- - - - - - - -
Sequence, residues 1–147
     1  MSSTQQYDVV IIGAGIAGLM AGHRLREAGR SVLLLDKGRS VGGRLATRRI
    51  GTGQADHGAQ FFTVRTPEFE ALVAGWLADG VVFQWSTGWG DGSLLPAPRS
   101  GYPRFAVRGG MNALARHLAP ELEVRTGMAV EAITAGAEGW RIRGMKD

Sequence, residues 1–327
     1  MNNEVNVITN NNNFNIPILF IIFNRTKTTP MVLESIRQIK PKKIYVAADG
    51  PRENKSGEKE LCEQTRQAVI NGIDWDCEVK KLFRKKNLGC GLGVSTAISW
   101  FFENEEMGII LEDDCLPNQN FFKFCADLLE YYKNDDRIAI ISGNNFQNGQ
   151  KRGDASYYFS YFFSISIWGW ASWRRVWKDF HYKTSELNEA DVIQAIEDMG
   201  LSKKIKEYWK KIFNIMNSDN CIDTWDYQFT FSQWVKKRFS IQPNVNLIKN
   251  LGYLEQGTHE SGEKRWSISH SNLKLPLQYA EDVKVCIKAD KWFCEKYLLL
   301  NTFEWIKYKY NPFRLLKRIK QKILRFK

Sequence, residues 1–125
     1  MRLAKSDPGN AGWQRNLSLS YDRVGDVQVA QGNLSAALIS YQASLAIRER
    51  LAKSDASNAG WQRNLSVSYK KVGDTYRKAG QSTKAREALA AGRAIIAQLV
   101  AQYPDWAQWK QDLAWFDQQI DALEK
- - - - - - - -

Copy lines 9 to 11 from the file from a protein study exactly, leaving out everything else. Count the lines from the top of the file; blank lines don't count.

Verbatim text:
   151  KRGDASYYFS YFFSISIWGW ASWRRVWKDF HYKTSELNEA DVIQAIEDMG
   201  LSKKIKEYWK KIFNIMNSDN CIDTWDYQFT FSQWVKKRFS IQPNVNLIKN
   251  LGYLEQGTHE SGEKRWSISH SNLKLPLQYA EDVKVCIKAD KWFCEKYLLL